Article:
Mutations in VKORC1 cause warfarin resistance and multiple coagulation factor deficiency type 2 by Rost Simone, Fregin Andreas, Ivaskevicius Vytautas, Conzelmann Ernst, Hörtnagel Konstanze, Pelz Hans-Joachim, Lappegard Knut, Seifried Erhard, Scharrer Inge, Tuddenham Edward G D, Müller Clemens R, Strom Tim M, Oldenburg Johannes in Nature (2004). PubMed

Abstract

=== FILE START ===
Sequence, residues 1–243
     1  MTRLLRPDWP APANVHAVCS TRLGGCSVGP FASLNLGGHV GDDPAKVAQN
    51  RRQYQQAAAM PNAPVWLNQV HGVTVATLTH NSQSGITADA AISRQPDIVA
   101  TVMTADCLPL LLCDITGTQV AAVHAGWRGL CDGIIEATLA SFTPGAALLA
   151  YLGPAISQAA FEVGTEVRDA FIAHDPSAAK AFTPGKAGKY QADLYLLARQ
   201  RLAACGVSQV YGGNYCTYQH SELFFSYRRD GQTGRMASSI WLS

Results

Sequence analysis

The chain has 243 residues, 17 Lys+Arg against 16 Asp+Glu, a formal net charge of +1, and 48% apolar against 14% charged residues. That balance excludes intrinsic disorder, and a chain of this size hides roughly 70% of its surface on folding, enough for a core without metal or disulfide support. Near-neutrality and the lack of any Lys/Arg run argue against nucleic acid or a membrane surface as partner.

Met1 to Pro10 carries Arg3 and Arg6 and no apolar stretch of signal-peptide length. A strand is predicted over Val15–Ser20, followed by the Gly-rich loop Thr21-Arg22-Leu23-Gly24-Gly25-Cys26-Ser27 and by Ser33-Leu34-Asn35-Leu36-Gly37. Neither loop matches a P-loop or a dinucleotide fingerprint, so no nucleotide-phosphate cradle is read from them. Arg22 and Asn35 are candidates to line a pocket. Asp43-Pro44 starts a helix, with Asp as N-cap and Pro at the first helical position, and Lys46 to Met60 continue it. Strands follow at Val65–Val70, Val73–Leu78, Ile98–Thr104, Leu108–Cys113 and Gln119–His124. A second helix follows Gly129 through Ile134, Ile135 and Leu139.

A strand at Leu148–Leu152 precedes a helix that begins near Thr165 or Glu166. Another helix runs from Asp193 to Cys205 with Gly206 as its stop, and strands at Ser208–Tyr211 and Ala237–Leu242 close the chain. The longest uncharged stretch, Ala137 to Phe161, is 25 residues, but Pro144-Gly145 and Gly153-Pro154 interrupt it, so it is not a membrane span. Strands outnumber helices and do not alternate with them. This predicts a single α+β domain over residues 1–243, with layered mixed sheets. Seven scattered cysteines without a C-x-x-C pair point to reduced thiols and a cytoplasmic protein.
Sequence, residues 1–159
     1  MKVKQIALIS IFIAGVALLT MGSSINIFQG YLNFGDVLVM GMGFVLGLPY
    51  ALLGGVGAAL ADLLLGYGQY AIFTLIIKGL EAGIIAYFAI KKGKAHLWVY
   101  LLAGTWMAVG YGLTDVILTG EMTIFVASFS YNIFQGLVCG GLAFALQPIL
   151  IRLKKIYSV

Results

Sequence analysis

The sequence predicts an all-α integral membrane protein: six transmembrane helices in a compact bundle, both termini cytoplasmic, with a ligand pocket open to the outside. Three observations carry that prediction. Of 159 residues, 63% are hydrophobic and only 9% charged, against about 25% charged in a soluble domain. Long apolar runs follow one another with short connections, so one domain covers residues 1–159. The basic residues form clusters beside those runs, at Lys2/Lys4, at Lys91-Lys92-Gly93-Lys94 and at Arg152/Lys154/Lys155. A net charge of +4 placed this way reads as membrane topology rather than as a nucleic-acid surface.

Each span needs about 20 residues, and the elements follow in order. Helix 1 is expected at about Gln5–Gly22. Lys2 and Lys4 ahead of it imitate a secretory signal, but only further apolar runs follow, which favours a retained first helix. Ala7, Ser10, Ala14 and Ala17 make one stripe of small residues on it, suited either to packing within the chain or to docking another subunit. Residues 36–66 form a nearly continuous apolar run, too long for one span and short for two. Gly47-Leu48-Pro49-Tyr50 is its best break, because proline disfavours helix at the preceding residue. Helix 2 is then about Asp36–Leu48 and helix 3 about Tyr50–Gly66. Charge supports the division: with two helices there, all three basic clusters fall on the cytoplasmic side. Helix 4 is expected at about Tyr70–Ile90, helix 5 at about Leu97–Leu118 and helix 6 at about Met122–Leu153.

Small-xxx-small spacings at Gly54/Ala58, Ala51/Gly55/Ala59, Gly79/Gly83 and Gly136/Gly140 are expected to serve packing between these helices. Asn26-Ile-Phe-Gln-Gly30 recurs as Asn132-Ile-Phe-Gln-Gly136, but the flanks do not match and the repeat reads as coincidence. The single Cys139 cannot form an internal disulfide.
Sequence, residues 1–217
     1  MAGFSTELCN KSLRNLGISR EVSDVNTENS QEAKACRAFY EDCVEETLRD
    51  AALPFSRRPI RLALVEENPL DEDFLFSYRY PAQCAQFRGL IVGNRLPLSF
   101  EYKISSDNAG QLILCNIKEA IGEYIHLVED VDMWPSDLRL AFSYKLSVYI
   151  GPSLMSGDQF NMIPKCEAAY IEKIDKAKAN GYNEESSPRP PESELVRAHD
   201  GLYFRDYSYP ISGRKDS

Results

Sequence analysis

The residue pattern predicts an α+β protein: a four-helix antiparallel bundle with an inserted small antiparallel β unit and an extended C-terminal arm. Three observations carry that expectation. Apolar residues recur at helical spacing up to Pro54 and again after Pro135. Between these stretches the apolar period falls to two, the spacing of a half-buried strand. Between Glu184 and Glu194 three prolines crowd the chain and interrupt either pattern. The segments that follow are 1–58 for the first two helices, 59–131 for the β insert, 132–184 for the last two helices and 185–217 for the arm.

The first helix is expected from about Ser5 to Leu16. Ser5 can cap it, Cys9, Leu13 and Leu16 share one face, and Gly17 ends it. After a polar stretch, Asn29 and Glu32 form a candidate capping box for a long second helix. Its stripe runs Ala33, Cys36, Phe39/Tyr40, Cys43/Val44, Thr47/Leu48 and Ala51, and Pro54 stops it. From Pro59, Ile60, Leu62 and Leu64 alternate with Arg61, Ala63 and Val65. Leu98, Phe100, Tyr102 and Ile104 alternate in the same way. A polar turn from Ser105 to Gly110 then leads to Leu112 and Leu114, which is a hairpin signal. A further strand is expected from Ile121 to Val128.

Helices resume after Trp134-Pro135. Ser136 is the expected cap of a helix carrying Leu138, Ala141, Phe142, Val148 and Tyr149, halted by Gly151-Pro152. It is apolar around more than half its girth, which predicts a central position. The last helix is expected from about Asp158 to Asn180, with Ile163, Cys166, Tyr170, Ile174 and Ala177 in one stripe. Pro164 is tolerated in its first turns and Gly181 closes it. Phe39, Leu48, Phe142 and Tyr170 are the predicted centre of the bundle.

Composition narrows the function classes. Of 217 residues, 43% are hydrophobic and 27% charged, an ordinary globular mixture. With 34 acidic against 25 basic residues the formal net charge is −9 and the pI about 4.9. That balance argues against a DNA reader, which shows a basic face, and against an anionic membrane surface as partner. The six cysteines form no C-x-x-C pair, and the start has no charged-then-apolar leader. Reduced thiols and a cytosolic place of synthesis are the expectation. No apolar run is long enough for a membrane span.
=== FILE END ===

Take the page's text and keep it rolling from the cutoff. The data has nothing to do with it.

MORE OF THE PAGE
Coumarin derivatives such as warfarin represent the therapy of choice for the long-term treatment and prevention of thromboembolic events. Coumarins target blood coagulation by inhibiting the vitamin K epoxide reductase multiprotein complex (VKOR). This complex recycles vitamin K 2,3-epoxide to vitamin K hydroquinone, a cofactor that is essential for the post-translational gamma-carboxylation of several blood coagulation factors. Despite extensive efforts, the components of the VKOR complex have not been identified. The complex has been proposed to be involved in two heritable human diseases: combined deficiency of vitamin-K-dependent clotting factors type 2 (VKCFD2; Online Mendelian Inheritance in Man (OMIM) 607473), and resistance to coumarin-type anticoagulant drugs (warfarin resistance, WR; OMIM 122700). Here we identify, by using linkage information from three species, the gene vitamin K epoxide reductase complex subunit 1 (VKORC1), which encodes a small transmembrane protein of the endoplasmic reticulum. VKORC1 contains missense mutations in both human disorders and in a warfarin-resistant rat strain. Overexpression of wild-type VKORC1, but not VKORC1 carrying the VKCFD2 mutation, leads to a marked increase in VKOR activity, which is sensitive to warfarin inhibition.

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